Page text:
If you need to share configuration settings among multiple .NET assemblies, the practice of maintaining separate config files for each assembly can quickly become tedious. For instance, if you have multiple executables within a directory that all need a 'ConnectionString' entry in their config file, the traditional method in .NET would be for each executable to have its own config file. This can become a burden in an enterprise environment when you need to change the connection string, as you would be forced to change each individual config file. Fortunately, there is a better approach. This better approach involves using the
File attribute of the .NET config file's
appSettings element. This attribute should contain the relative path to a custom config file, which all other applications can share. The description from MSDN on the
File attribute follows:
Specifies a relative path to an external file containing custom application configuration settings. The specified file contains the same kind of settings that are specified in the
<clear> elements and uses the same key/value pair format as those elements. The path specified is relative to the main configuration file. For a Windows Forms application, this would be the binary folder (such as /bin/debug), not the location of the application configuration file. For Web Forms applications, the path is relative to the application root, where the web.config file is located.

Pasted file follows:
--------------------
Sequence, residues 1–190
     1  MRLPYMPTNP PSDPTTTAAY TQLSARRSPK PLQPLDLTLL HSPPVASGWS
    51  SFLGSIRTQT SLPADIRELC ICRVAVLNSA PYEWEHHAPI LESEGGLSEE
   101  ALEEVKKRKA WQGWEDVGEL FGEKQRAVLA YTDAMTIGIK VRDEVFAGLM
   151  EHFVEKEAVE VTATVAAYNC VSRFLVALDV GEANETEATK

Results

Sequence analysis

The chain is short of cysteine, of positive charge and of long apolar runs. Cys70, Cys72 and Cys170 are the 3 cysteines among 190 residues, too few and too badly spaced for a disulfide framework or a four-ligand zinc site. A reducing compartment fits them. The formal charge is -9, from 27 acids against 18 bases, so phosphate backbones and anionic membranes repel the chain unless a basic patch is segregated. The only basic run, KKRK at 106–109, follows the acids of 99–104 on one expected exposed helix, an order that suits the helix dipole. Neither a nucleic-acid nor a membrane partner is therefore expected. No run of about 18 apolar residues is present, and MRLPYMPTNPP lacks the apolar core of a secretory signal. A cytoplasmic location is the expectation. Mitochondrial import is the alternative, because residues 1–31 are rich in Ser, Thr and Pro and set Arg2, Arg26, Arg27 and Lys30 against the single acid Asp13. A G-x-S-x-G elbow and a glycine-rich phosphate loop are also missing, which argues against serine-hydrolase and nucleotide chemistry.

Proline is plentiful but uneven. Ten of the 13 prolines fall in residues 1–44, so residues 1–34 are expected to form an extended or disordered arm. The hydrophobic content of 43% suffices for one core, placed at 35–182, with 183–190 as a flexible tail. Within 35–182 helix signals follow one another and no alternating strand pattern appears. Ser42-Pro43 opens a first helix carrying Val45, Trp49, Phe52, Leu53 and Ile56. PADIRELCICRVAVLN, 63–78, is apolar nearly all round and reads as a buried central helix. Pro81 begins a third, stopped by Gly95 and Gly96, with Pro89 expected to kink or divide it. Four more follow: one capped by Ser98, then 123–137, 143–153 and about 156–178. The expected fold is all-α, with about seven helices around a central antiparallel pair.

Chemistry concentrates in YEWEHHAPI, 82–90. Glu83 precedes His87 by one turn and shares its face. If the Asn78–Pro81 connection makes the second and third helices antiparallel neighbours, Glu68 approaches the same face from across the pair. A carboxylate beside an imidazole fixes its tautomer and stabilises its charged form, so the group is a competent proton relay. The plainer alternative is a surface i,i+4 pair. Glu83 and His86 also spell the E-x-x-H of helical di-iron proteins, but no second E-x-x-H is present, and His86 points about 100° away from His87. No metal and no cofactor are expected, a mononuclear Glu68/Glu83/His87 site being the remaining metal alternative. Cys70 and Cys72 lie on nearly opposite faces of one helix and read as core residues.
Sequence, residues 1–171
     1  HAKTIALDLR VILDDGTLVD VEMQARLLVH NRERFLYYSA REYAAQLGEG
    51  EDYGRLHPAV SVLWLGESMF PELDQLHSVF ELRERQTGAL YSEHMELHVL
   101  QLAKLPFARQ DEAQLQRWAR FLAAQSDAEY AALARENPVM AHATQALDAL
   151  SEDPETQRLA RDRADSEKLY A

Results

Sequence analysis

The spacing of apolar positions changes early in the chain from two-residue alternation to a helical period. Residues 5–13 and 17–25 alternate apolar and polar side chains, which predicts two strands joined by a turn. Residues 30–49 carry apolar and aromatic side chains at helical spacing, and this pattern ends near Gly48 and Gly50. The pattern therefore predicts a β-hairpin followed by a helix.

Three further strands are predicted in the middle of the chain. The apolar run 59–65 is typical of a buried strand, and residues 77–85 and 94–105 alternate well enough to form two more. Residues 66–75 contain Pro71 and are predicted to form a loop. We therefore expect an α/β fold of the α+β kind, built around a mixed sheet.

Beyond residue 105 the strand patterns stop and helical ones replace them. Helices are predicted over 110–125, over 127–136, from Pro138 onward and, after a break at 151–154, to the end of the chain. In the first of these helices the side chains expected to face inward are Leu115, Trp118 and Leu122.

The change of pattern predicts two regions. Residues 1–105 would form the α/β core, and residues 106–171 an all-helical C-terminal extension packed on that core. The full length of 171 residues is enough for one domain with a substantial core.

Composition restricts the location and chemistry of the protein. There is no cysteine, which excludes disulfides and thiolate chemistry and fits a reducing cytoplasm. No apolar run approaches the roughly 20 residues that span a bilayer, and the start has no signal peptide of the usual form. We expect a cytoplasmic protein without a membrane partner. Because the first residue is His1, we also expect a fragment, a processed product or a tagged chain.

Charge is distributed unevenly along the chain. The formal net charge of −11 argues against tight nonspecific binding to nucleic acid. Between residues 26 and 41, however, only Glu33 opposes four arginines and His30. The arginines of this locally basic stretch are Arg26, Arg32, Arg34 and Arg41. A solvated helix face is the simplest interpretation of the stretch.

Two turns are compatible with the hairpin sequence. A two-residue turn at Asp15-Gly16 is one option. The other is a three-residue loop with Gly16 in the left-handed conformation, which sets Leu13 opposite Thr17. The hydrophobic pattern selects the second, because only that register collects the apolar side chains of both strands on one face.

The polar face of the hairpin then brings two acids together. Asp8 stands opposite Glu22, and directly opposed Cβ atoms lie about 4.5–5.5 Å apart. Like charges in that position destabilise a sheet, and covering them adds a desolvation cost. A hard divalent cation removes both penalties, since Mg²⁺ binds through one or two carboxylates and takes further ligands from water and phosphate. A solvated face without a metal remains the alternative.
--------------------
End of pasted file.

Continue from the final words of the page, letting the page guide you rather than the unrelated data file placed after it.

Note that the runtime ignores the attribute if the specified file can not be found.
Essentially, each executable's config file will contain an entry such as:
where "settings.config" is a custom config file which looks something like this:
<add key="Setting1" value="This is Setting 1 from settings.config" />
<add key="Setting2" value="This is Setting 2 from settings.config" />
<add key="ConnectionString" value="ConnectString from settings.confg" />
When you run your application, you simply use the
AppSettings property from
System.Configuration.ConfigurationSettings to reference the configuration setting, such as:
Dim s As String = _
In this case, if there is a '
ConnectionString' key in the individual config file, that value will be used. Otherwise, the value will be retrieved from the shared "settings.config" file.
As indicated above, if you choose, each individual config file can also define the keys which are present in the shared config file. In that case, the individual config file settings will take precedence over the shared config file. That could be useful in a situation where you want to quickly test a new setting without disrupting the other applications which are using the shared config file.
Hopefully, this article has shed some light on the sometimes confusing world of .NET configuration files. I hope many of you find this method useful when dealing with multiple configuration files. Good luck.